14th July – the Battle of Bazentin Ridge

XIICorps_Trace_LREveryone has heard of the first day of the Somme, famously the day on which the British Army suffered its highest casualties on a single day. Fourteen days later the British Army made its next big push. Demonstrating that occasionally lessons are learned and learned quickly, the plan was a bit different from on the 1st of July.

There wasn’t quite as many guns or ammunition as there was on the first day, but all of it was concentrated ion the German defences along Bazentin ridge and the German guns behind it. One the 1st of July there was one gun to every 20 yards of front – spread over two defensive lines and the preparation lasted for a week, firing 1.5 million shells . On the 14th there was one gun for every 6 yards and the preparation lasted for 48 hours, firing just under half a million rounds.

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The Deccan Horse photographed on the Somme 1916. I wonder if any of the limbers on the road are from N Battery?

H Hour was 03.25 at dawn. The infantry of five divisions moved out into no mans land at night, and guided by mine tape deployed quietly a few hundred yards from the German front line. It was a great success and about three miles of German trenches were taken and a gap wide enough to launch cavalry – supported by a battery of horse artillery that still exists as N battery the Eagle Troop. However, by the time the cavalry was in action the Germans had blocked the gap.

N Battery RHA came into action just short of the wire protection the 14 July German Front line
N Battery RHA came into action just short of the wire protection the 14 July German Front line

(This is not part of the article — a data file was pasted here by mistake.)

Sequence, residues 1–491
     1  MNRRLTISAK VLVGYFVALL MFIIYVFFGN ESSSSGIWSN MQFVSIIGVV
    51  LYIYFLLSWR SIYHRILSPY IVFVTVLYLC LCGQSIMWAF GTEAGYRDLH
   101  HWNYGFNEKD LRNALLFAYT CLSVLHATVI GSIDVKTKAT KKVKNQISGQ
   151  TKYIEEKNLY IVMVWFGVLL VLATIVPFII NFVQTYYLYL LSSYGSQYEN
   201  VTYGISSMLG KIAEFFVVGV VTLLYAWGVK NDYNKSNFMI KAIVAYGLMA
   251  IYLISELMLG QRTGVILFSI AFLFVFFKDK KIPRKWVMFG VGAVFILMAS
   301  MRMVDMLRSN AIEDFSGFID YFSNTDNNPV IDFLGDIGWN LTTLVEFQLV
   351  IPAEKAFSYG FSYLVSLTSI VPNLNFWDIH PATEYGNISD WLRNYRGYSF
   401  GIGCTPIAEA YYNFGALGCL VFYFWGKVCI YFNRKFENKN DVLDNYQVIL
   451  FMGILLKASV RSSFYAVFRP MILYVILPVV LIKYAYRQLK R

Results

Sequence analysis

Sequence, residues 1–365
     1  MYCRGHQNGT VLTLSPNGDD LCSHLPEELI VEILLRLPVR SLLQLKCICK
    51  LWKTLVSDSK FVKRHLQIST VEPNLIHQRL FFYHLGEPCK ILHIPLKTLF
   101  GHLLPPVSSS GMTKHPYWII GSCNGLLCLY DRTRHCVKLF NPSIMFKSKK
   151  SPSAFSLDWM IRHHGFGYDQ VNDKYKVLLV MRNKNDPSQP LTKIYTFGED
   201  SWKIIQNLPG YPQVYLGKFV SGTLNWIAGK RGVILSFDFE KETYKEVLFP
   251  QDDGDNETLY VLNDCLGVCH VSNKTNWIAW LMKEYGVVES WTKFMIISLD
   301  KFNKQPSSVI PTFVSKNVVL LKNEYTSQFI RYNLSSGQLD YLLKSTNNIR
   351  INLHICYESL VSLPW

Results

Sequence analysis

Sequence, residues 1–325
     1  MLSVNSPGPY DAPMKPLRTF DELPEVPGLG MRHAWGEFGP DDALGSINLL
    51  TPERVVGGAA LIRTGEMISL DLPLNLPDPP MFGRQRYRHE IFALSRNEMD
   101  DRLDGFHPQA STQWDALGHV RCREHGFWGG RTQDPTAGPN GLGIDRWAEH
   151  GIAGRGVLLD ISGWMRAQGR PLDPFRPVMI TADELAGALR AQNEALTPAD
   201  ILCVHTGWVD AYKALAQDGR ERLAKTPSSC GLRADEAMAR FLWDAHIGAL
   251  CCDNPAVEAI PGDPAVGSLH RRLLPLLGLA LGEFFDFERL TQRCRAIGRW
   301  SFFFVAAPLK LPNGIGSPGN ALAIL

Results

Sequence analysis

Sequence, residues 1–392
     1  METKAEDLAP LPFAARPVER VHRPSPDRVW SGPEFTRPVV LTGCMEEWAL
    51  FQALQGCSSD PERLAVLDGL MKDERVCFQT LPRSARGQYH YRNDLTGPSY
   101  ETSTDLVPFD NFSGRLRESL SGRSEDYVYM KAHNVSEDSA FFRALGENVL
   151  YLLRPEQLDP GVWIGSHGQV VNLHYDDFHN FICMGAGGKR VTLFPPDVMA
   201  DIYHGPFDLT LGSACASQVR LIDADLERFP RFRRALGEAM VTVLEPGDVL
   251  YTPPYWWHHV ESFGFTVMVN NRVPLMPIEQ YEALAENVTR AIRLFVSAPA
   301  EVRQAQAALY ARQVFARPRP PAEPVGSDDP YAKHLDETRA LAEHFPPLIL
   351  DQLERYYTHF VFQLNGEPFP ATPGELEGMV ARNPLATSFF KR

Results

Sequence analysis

Artillery deployment in the First World War looked a bit like this. Starting from 2’14” in this video https://www.youtube.com/watch?v=R0X7CfNBsq4

The map is the hand drawn trace for the XIII Corps fireplan for the attack on 14th July. Delville Wood is on the right hand side just below the number 12. The wood above the number 10 is High Wood. The poet and author Robert Graves was wounded in this attack at the churchyard in the village of Bazentin-le-Petit to the left of the number 9.

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An abandoned German trench in much shelled Delville Wood taken September 1916 (Warwick Brooke – This is photograph Q 4267 from the collections of the Imperial War Museum)

The area between Delville and High woods was the focus for fighting for the next two months. It was calculated that seven shells a second landed on Delville Wood at times.

 

 

 

Two of the casualties on that day was Lieutenant Colonel Dudley George Blois DSO Commander of 84th Brigade RFA and his Trumpeter.  They were riding forwards to recconoitre new positions for 84th Field Brigade of 18th Division and caught by shellfire.  Blois  a descendent of the royal house of Blois, is commemorated in Blythburgh Church in Suffolk.

If you are interested in visiting any of these battlefields and hearing the Gunner side of the story contact Gunner Tours.gunner tours logo white on brown

 

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